On Monday morning, the first full day of the Louisiana legislative special session, Commissioner of Administration Jay Dardenne announced more bad news: The current year’s fiscal deficit wasn’t $940 million; it was actually $957 million, due to $17 million in FEMA money from Hurricane Gustav that is still outstanding. A few hours later, the president of the University of Louisiana system said that Nicholls State may have to close temporarily for two weeks during the spring semester, even under a “best case budget scenario.” And at the end of the day, the Plaquemines Parish Public Defenders Office announced it’d be closing its doors on Wednesday. “It’s run out of money,” Julia O’Donoghue of The Times-Picayune reported on Twitter.
We also learned on Monday, in a report by the legislative auditor, that, due to the accounting gimmicks of former Gov. Bobby Jindal and the Bond Commission (which is chaired by Treasurer John Kennedy), Louisiana will incur $71 million in interest from the use of bond premiums and $160 million in interest from the use of a short-term bond defeasance, both of which were completely avoidable. Quoting:
During fiscal years 2011 through 2016, the Commission used bond premiums and executed bond defeasances to help address and reduce General Fund deficits by $545 million. As a result of these measures, the state will have to pay $231 million more in interest over the next 20 years. These practices have also pushed the state closer to its debt limit, which will limit the state’s borrowing capacity for capital outlay projects in the near future and increases the risk that the state’s credit rating will be downgraded by ratings agencies.
I’ll try my best to put this in layman’s terms (with the caveat that I am not an accountant): Under Bobby Jindal, year after year, Louisiana faced a budget deficit, but the law says you can’t use one-time or non-recurring money to pay for operational expenses. Jindal, with an assist from Kennedy and the Bond Commission, found a way around it, though.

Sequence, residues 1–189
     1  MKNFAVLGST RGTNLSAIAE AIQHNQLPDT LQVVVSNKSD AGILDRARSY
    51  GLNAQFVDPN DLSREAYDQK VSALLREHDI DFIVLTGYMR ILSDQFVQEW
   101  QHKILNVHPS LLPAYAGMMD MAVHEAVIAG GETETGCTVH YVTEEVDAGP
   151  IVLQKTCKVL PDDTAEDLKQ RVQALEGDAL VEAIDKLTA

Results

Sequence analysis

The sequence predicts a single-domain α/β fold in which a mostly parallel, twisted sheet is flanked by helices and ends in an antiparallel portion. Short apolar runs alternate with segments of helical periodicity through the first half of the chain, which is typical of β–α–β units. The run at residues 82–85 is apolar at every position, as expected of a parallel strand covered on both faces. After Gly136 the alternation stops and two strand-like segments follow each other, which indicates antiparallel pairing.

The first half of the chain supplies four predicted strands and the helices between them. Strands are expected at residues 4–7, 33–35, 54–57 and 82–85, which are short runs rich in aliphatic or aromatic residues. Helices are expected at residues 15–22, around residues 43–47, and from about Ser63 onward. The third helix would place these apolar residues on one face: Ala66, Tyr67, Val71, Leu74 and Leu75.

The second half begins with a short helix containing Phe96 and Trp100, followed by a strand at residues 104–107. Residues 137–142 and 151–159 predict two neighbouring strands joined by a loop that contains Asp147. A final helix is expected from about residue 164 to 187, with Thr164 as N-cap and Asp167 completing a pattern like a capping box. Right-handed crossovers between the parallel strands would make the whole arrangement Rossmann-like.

The state can issue bonds for capital projects, and it has the option of agreeing to pay a higher interest rate in order to immediately capture money up-front; that’s called a bond premium. We could and should have used that up-front money, $210 million on a $2.3 billion general obligation bond, on actual projects; after all, that’s what the bond was supposed to be for. Instead, Gov. Jindal used it to plug shortfalls in the budget. Now, we’re on the hook to repay both the $210 million in premiums and an additional $71 million in interest payments over the next twenty years, with nothing to show for it.
“Ordinarily, bond proceeds are used to invest in capital outlay projects that have long-term benefits for the public such as roads and bridges,” the legislative auditor notes. “Thus, in future years when the state has to repay what it borrowed with interest, the citizens of Louisiana have the benefit of long-lasting capital improvements. In contrast, using bond premiums to reduce General Fund deficits burdens the state with paying back the premiums with interest without the added benefit of long- lasting capital improvements.”
But that’s not all. Monday’s report (which was actually sent out last Thursday) also revealed that Louisiana taxpayers would be on the hook for an additional $160 million in interest payments, which was also completely avoidable. Last year and the year before, we took $335 million that had been identified as a non-recurring surpluses (remember, you can’t use non-recurring money for operational expenses) and enacted a short-term bond defeasance. The bond defeasance allowed the Jindal administration the ability to use that money, once again, to plug a general budget deficit. “Act 55 of 2014 ($210 million) and Act 56 of 2015 ($125 million),” the report notes. “Each defeasance, respectively, used non- recurring surpluses from fiscal years 2013 and 2014 to set money aside during fiscal years 2014 and 2015 to make debt payments due in fiscal years 2015 and 2016.”